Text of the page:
After a cold, snowy winter, the Hoosier heartland is once again alive with the beauty of spring. Green leaves are beginning to fill the trees and flowers are beginning to blossom. However, spring is not only a time to appreciate nature, but also a time to prepare for the potentially dangerous storms that often accompany spring as well. In fact, May and June are the peak tornado months in Indiana.
As I was in Indianapolis last week, watching as hail fell and flood warnings were issued due to the storms, I was reminded that what we do in the Legislature truly impacts the lives of Hoosiers, especially when disaster strikes. I believe it is our duty to ensure that there are mechanisms in place to immediately deliver assistance to those in need.
That is why I was proud to sponsor Senate Bill (SB) 484 which would allow Indiana’s Task Force 1 to be deployed for disasters occurring in our state. Indiana Task Force 1 is a Federal Emergency Management Agency (FEMA) Urban Search and Rescue Task Force based in Indianapolis. It is one of 28 national task forces and is comprised of emergency responders from fire departments in and around Marion County as well as civilians from various professional backgrounds across the state.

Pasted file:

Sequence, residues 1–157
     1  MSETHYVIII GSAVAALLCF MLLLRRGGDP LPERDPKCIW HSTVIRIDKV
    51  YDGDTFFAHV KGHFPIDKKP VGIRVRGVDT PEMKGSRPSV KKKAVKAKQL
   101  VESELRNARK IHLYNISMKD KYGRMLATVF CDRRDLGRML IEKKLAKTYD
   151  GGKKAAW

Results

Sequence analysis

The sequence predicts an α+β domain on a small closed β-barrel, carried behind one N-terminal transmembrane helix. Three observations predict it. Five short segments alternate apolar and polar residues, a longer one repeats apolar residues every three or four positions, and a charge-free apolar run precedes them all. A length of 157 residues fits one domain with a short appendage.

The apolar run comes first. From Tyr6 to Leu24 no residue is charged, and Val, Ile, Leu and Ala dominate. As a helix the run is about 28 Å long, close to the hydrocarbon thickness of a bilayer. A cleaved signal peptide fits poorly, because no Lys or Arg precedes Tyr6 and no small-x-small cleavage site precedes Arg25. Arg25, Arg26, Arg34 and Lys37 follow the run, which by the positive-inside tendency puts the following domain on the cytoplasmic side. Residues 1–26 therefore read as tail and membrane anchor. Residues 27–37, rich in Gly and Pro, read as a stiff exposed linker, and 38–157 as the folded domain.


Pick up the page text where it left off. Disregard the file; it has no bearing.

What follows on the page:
In times of disaster, FEMA will initially deploy the three closest task forces, giving them just six hours to mobilize. In the past, Indiana Task Force 1 has responded to the September 11 attacks in New York City as well as Hurricane Katrina. However, Indiana has not been able to use Task Force 1 as an in-state resource during an in-state disaster.
The City of Indianapolis is responsible for paying the members of Task Force 1 and seeking reimbursement from FEMA when they are deployed. Since FEMA will not deploy Task Force 1 within Indiana, this has meant that the city cannot get reimbursed when they send Task Force 1 to help, which actually occurred when Governor Daniels deployed Task Force 1 after the Henryville tornado.
After nearly unanimously passing the Senate, SB 484 passed the House last week with no amendments and will now be sent to the governor’s desk to be signed into law. If signed, it will allow the Indiana Department of Homeland Security to enter into an agreement with the City of Indianapolis to provide for the deployment of Task Force 1 in our state and also provide for reimbursements.
The expenses that are incurred can be anything from filling someone’s position while they are away to covering room and board expenses. With these pre-established agreements, the city of Indianapolis would know exactly how much they would be reimbursed for sending an EMT, for example.
During a disaster, I strongly believe that money should not be a barrier. This is a highly specialized group that we are blessed to have in Indiana, and it truly puts the city of Indianapolis in a tough spot to have to decide whether or not to send help to their fellow Hoosiers in need, or stay within budget.